Jonathan made the Pacific Northwest his home about a decade ago and has fallen in love with its geographical and geological diversity ever since. He predominantly uses a traditional large format view camera creating images that show nature for what it is, expressing himself while retaining the integrity and splendor of the wilderness. Jonathan joined Nature First in 2022 because his personal ethics fully aligned with those of the organization, and he is frustrated by the lack of stewardship and continued commodification of nature by photographers and the general public alike.
How old were you when you first discovered your love of nature? What prompted this?
I grew up in the rural Appalachian Mountains of Pennsylvania, always surrounded by dense forests and rolling mountains. I had a respect for nature but it was ubiquitous with my upbringing. When life moved me to the Pacific Northwest a little less than ten years ago, the geographic diversity reinvigorated my love of nature. How can one not be captivated by the rugged evergreen mountains bookended by dramatic active volcanoes and the inviting waters of Puget Sound?! It was love at first sight as the airplane landed in Seattle and I haven’t looked back since.
How long have you been a photographer? What got you interested in photography?
I’ve had a long-standing interest in having a camera in hand since I was very young, but the idea of photography being a passion began in 2013 while studying abroad in northern Sweden. The dark and cold winters opened up to awe-inspiring aurora borealis and from there I was on my photographic journey.chold
What led you to become active in Nature First?
I am a firm believer and follower of the Leave No Trace principles, and upon discovering Nature First I realized the guiding principles of the organization also aligned with my own convictions. When visiting natural areas, I become frustrated and distraught from the poor behavior exhibited by visitors and a lack of stewardship for and the continued commodification of these sacred natural spaces. Being an active participant in an organization larger than myself has given me a renewed sense of purpose and I believe it is possible to influence change for good to preserve the wilderness.
What kind of behavior distresses you the most? Do you have an example of this? How would you tie this into the Nature First principles?
I constantly see national park tourists feeding wildlife and unnecessarily going off trail in fragile ecosystems where there is simply no need to be off trail in the first place. However, an overarching issue I witness is the commodification of nature as a backdrop for social media, e.g. the “influencer” culture. Not only do some of these people have little care for nature and their subsequent impact on it, but as their self-appointed title suggests, they influence others to also behave poorly, thus the perpetual harm to our beloved wilderness and the treatment of it as a commodity.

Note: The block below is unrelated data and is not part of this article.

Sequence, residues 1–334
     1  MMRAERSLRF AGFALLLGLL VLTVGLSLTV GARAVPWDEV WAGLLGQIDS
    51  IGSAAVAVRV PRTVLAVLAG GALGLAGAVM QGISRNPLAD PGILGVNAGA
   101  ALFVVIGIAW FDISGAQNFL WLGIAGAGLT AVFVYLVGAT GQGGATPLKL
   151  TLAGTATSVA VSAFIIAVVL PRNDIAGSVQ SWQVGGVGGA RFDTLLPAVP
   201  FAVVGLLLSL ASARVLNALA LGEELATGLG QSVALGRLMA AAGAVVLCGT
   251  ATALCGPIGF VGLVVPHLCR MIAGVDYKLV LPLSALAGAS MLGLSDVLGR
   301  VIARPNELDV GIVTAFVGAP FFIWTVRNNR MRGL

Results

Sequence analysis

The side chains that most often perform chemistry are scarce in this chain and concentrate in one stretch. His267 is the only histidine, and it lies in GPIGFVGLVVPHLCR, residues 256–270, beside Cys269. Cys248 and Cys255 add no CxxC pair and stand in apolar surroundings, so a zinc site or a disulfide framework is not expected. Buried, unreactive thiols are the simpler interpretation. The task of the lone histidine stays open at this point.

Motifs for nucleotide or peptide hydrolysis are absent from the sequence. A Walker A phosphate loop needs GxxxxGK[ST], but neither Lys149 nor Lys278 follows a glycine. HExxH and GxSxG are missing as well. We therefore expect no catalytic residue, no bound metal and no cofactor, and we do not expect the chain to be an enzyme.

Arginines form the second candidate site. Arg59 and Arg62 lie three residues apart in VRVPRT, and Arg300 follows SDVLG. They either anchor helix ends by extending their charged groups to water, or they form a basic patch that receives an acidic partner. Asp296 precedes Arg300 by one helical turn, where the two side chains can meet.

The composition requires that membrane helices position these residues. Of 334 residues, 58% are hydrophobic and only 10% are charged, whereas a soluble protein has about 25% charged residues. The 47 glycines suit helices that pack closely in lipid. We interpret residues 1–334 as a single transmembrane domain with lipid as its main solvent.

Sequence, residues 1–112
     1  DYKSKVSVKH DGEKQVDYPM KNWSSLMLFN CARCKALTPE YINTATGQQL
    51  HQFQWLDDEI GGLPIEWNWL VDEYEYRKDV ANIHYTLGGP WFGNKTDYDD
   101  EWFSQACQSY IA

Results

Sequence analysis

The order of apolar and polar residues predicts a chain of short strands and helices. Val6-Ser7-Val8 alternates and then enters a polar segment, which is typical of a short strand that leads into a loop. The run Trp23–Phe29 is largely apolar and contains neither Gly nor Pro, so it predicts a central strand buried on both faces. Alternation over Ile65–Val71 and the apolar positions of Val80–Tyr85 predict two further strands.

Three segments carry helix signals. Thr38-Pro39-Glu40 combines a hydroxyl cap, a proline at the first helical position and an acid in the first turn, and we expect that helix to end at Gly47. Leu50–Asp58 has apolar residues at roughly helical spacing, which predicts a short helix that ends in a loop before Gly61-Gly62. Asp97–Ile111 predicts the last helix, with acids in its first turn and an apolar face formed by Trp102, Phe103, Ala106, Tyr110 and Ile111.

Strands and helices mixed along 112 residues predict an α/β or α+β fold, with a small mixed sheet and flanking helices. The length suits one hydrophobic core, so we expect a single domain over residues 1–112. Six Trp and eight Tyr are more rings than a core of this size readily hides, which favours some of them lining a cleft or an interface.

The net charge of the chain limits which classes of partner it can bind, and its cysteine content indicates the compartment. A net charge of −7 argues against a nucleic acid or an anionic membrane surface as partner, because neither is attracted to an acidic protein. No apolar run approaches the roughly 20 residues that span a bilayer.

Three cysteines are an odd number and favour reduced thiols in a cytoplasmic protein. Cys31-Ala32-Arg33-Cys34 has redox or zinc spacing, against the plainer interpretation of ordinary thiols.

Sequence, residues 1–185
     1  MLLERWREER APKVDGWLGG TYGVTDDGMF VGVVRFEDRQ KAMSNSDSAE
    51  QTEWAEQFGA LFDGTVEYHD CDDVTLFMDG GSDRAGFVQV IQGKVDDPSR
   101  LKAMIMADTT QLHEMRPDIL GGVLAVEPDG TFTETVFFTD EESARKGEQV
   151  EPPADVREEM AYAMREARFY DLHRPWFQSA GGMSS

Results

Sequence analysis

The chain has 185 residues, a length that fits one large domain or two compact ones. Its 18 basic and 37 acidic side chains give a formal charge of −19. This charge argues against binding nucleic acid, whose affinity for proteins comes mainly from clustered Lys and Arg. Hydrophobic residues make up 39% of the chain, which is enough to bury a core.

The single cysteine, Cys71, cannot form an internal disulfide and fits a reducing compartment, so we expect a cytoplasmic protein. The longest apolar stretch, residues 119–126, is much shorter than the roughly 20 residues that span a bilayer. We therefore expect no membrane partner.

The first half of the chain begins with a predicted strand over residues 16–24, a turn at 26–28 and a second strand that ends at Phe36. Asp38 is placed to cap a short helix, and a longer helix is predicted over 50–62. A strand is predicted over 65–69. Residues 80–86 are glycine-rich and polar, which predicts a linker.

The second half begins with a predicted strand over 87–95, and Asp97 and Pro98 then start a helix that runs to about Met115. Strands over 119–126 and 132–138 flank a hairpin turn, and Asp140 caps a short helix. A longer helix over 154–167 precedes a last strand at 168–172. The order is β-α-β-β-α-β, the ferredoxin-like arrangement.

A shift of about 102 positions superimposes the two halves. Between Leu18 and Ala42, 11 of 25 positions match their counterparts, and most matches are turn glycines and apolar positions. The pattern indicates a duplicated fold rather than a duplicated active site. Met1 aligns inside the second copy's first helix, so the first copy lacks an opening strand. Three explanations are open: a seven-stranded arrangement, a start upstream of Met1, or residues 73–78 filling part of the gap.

If you had a magic wand that teleported you anywhere, where would you be taking pictures now? Why there?
I visited Utah for the first time in my life in October of 2021 and my soul was lit afire for the high desert and red rock. I made the two-week trip solo and have count down the days for when life will permit me to return, this time with my loving partner and fellow adventurer. I wish to return to Arches and Canyonlands National Parks, while also visiting locations in the southwest of Utah and northern Arizona.
If we were to have a bite to eat together, what would we be likely to talk about besides photography and Nature First?
Let’s see… it would be very likely that coffee would be brought up in conversation. I’m a self-proclaimed coffee snob. I’ve invested time and money sourcing the best Third Wave coffee I can from local and regional roasters. I emphasize focus on single origin, fair trade sourcing where region, terroir, farmer, and roaster all play integral roles in the final product. Every cup of coffee is an experience and I wish for everyone to have the opportunity to have their own enjoyment from a cup. I would recommend a natural processed Ethiopian variety.
A picture you would like to share with us that has a history related to our principles, with a short text describing it.